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I'm learning about artificial neural networks and have implemented a standard feed-forward net with a couple of hidden layers. Now, I'm trying to understand how a recurrent neural network(RNN) works in practice, and am having trouble with how activation/propagation flows through the network.

In my feed-forward, the activation is a simple layer by layer firing of the neurons. In a recurrent net, the neurons connect back to previous layers and sometimes themselves, so the way to propagate the network must be different. Trouble is, I can't seem to find an explanation of exactly how the propagation happens.

How might it occur say for a network like this: I imagined it would be a rolling activation with a gradual die down as the neuron's thresholds decrease the neuron firing to 0, much like in biology, but it appears there is a much more computationally efficient way to do this through derivatives?

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During forward propagation, a series of calculations are performed to generate a prediction and to calculate the cost. The cost is a function that we wish to minimize. Then, backpropagation calculates the gradient or the derivatives. This will be useful during the optimization phase because when the derivatives are close or equal to 0, it means that our parameters are optimized to minimize the cost function.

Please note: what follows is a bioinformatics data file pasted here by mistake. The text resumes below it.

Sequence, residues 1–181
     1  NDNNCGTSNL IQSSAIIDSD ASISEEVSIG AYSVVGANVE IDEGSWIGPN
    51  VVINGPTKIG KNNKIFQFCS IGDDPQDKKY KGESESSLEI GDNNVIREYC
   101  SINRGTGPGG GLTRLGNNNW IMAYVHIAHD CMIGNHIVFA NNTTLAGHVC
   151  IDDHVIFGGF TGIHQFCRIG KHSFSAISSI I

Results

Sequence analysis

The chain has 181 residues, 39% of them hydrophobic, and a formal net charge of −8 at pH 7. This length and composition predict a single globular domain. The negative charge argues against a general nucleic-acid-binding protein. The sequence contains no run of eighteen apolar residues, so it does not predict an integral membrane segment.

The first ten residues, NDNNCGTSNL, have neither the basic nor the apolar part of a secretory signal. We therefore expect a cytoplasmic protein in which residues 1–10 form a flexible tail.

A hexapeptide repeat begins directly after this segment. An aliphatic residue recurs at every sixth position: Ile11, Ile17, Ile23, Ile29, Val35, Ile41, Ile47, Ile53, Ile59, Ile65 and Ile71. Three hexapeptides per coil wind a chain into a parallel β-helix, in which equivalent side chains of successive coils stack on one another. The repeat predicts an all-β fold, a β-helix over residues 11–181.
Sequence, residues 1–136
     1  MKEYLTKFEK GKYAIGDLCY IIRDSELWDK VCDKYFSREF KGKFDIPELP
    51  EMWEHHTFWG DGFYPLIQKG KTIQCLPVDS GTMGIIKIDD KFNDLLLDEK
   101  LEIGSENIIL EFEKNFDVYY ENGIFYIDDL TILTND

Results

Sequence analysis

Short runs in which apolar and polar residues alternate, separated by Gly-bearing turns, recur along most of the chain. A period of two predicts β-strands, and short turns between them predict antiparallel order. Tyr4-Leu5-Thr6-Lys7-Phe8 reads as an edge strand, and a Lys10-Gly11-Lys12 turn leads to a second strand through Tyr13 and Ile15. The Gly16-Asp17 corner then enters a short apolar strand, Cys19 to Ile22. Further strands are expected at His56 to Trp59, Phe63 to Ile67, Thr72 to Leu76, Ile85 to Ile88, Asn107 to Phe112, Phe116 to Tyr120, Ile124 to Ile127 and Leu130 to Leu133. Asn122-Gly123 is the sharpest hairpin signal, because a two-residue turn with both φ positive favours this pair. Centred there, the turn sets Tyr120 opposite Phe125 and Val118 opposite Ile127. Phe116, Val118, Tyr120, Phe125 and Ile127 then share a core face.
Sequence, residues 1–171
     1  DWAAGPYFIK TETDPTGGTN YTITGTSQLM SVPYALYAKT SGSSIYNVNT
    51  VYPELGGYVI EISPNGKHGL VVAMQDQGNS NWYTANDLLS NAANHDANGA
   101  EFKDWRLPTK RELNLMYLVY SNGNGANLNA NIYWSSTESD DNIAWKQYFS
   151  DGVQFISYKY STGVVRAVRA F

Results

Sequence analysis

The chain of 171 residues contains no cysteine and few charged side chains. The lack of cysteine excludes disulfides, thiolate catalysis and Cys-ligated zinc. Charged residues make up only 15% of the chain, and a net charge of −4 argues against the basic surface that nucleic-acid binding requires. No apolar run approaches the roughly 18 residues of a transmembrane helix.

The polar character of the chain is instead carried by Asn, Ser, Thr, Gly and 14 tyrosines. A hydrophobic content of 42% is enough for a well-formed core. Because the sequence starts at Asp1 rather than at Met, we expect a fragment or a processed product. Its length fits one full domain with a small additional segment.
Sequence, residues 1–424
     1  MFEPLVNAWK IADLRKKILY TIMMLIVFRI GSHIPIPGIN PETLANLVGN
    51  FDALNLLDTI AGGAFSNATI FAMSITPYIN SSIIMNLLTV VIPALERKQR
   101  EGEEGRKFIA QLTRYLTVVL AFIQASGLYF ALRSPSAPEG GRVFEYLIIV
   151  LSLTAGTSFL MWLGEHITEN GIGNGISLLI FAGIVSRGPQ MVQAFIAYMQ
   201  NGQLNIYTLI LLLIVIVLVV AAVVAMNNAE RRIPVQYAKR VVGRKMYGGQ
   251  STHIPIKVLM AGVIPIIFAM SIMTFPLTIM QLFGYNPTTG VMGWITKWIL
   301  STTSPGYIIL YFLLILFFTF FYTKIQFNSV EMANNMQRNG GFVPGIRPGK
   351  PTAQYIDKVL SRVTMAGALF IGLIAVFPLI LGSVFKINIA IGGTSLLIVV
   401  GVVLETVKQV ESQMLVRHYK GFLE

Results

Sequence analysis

In a feed-forward, the propagation happens layer by layer, therefore Layer 1 neuron fire first, followed by Layers 2, 3, etc, so the propagation is one neuron activation stimulating activation in the neurons that take it as input.

Alternatively, we can think of propagation instead as the neurons whose inputs are active at any given point in time are the ones to fire. therefore if we have got a time t=0 were Layer 1 neurons are active, at the next time t=1 the next layer Layer 2 will activate since the neurons in Layer 2 take the neurons in Layer 1 as input.

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